The disperal of asylum seekers to Oldham and Glasgow has now been halted. This follows the refusal of asylum seekers to get on the coaches, and a sit-in by asylum seekers in a Liverpool hostel.

Twenty protesters from the Manchester Committee to Defend Asylum Seekers assembled at the dispersal point on Monday of last week to stop the weekly coach used for forced dispersal.

The bussing has now been temporarily suspended.

However, some asylum seekers are still forcibly dispersed, and have their vouchers withdrawn when they refuse to be moved.

Sympathetic local TV coverage has encouraged campaigners to continue the protests until all forced dispersals are stopped.



Saturday 25 August

Assemble 11am, Huntingdon Square, Sighthill for march to George Square

Organised by community groups and representatives of asylum seekers

Housing campaigns

A 400-strong meeting of UNISON union housing members in Birmingham has decided that they will not cooperate with the city council’s plans to sell off 88,000 council homes.

The meeting agreed that UNISON members are not prepared to be part of the council’s one-sided propaganda campaign.

A speaker from the Defend Council Housing campaign highlighted the need for tenants and workers to be united in a joint campaign.

Council workers agreed to leaflet their estates and show their opposition at the council’s privatisation roadshow.


  • SOME 35 PEOPLE came to the first Defend Council Housing (DCH) meeting on the Aylesbury estate in Southwark, south London, last week.

The meeting heard speeches from local tenants, activists and John Mulrenan, the local Socialist Alliance candidate in the recent election. The meeting was very angry.

The council is proposing to hand over 2,700 properties to Horizon Housing Association, despite a successful campaign to stop the local council privatising all of its housing stock last year.


Council workers

Defend Richard Searle

RICHARD SEARLE, a UNISON union housing convenor and member of the Defend Council Housing national committee, has been suspended from his job as a case worker in the Homeless Families Unit of Manchester City Council.

This is a political suspension and an attack on trade union rights.

Richard has been suspended for speaking to the press on behalf of UNISON. Over the last few months there has been a crisis in temporary accommodation in Manchester.

Things are so bad that consideration was given to offering a family a police cell as temporary accommodation.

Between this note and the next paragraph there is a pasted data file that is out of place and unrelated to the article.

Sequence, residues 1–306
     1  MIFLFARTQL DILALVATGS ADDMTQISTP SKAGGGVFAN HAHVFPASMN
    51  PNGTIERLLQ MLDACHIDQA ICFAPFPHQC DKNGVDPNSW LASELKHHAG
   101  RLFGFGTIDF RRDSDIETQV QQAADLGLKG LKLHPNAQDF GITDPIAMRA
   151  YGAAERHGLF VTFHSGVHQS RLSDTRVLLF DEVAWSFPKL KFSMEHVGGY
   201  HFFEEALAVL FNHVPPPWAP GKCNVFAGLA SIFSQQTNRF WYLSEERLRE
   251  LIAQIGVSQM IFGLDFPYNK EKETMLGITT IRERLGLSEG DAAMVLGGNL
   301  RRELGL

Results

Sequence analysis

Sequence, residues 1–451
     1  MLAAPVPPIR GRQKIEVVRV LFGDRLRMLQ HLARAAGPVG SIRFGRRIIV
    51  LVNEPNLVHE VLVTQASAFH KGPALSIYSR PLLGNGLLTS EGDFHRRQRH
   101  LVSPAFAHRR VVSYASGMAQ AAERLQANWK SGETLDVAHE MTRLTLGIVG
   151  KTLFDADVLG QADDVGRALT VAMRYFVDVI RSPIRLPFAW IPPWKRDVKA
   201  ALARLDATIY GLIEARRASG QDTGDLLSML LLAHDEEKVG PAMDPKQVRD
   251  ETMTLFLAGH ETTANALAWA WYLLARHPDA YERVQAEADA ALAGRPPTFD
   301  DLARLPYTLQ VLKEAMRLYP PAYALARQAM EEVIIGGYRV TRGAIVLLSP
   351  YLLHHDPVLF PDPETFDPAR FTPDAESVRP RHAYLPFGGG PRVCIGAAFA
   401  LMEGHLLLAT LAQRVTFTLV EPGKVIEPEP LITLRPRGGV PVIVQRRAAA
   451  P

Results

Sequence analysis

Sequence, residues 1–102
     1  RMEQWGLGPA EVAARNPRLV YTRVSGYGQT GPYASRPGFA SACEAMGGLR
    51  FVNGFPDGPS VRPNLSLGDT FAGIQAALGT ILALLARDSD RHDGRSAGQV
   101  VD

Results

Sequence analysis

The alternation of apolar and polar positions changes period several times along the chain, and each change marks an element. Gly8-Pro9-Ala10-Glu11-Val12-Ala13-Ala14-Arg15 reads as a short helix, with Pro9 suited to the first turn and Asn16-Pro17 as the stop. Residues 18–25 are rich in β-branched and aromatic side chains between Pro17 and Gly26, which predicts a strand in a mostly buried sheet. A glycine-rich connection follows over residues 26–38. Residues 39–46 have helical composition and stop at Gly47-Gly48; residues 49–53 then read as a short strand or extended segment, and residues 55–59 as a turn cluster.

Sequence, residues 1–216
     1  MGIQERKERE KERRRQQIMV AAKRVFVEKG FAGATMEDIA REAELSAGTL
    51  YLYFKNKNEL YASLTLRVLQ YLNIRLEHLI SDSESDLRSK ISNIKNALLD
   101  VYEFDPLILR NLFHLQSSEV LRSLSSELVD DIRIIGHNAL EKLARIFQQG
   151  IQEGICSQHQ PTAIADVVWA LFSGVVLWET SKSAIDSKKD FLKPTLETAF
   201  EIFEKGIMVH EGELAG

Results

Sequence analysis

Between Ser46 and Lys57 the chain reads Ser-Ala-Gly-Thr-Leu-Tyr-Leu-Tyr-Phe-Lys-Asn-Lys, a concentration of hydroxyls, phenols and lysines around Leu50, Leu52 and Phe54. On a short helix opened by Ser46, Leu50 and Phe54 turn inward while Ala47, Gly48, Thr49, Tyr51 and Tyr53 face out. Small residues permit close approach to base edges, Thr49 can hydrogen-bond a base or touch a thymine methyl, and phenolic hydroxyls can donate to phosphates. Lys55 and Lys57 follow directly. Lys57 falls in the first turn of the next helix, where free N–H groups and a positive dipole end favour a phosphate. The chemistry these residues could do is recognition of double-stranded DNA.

Richard, in his capacity as UNISON housing convenor, was contacted by the press to confirm this story.

He was then suspended on Friday of last week while in the middle of a homeless investigation.

Richard is an experienced case worker and is committed to getting the best deal for the homeless. He has been involved with tenant campaigners and helped lead the strike earlier this year in Manchester against the closure of 14 local housing offices.

  • Messages of support can be faxed to the UNISON branch office on 0161 254 7515.
  • Fax letters of protest to the lead executive member for housing, Councillor Basil Curley, on 0161 234 4232.


  • THE CAMPAIGN is growing to win reinstatement for UNISON activist Noah Tucker, who was sacked last week by Labour-controlled Hackney council in east London.

A workers’ mass meeting last week voted unanimously for a ballot for industrial action. It is expected to begin next Tuesday.

The allegations against Noah are farcical. They are that he failed to be at work-because he was negotiating with management!

For nearly a year Hackney council has been in full-scale confrontation with residents and workers over a cuts programme.

A major anti-cuts and solidarity with Noah Tucker rally is planned for 18 September.

  • Send messages of support and donations to Hackney UNISON, Third Floor, Netil House, 1-7 Westgate Street, London E8. UNISON members want to speak at union meetings-contact them at the address above or phone 020 8356 4071.
  • WAKEFIELD’S New Labour council caused outrage last week when it announced plans to slash 1.9 million from the social services budget.

The effects of the cuts would be to close all three daycare centres for the elderly in the district, close respite and rehabilitation beds, and cut 69 carers’ jobs.

The local Socialist Alliance has launched a petition and called a lobby of the next council meeting on 12 September.

Derek Bennett funeral

FLOWERS FROM Derek Bennett’s workmates

SOME 250 people attended the funeral of Derek Bennett last Saturday. Derek, a 29 year old unarmed black man, was shot dead by the police in Brixton, south London, last month.

Everyone was united in their grief and desire for justice. Distraught relatives, friends and work colleagues were joined by wellwishers. One mourner said, “I didn’t know Derek. I am here because I know his dad and we used to work together at Ford’s.”

Derek Bennett’s brother Anthony told mourners, “Derek encountered police officers who fired six bullets. They shot Derek four times in his back. No one can tell me that isn’t murder.”

Campaigns round-up

  • IF GLASGOW City Council thought that sending in 250 police to smash the occupation of Govanhill Pool would stop the campaign, it has made a massive mistake.

On the morning after the battle, campaigners rebuilt their picket outside the baths and planned a meeting for that evening. Some 200 people gathered outside for a public meeting and then marched to the pool.

The following day 80 people marched to the city chambers to demand the resignation of Glasgow council leader Charlie Gordon.

Onlookers and supporters cheered as protesters hammered on the council’s door. Over 80 people also attended a public meeting the following day.


  • ANGRY residents of King Stephen Close in Exeter, along with supporters of Exeter Socialist Alliance, held a protest last week against an illegal fence built by building firm Barratt.

They removed a padlocked gate that was preventing their children from playing on a communal green.

The fence has been dubbed “Barratt’s Berlin Wall”. Angry resident Eddie Choules said, “Why are Barratt allowed to get away with flouting the planning laws?”


  • AROUND 80 angry anti-incinerator protesters marched in Neath, South Wales, earlier this month against the giant incinerator being built in the small village of Crymlyn Burrows.

And 50 people crowded into a local hall recently to hear pollution expert Dr Dick Van Steenus.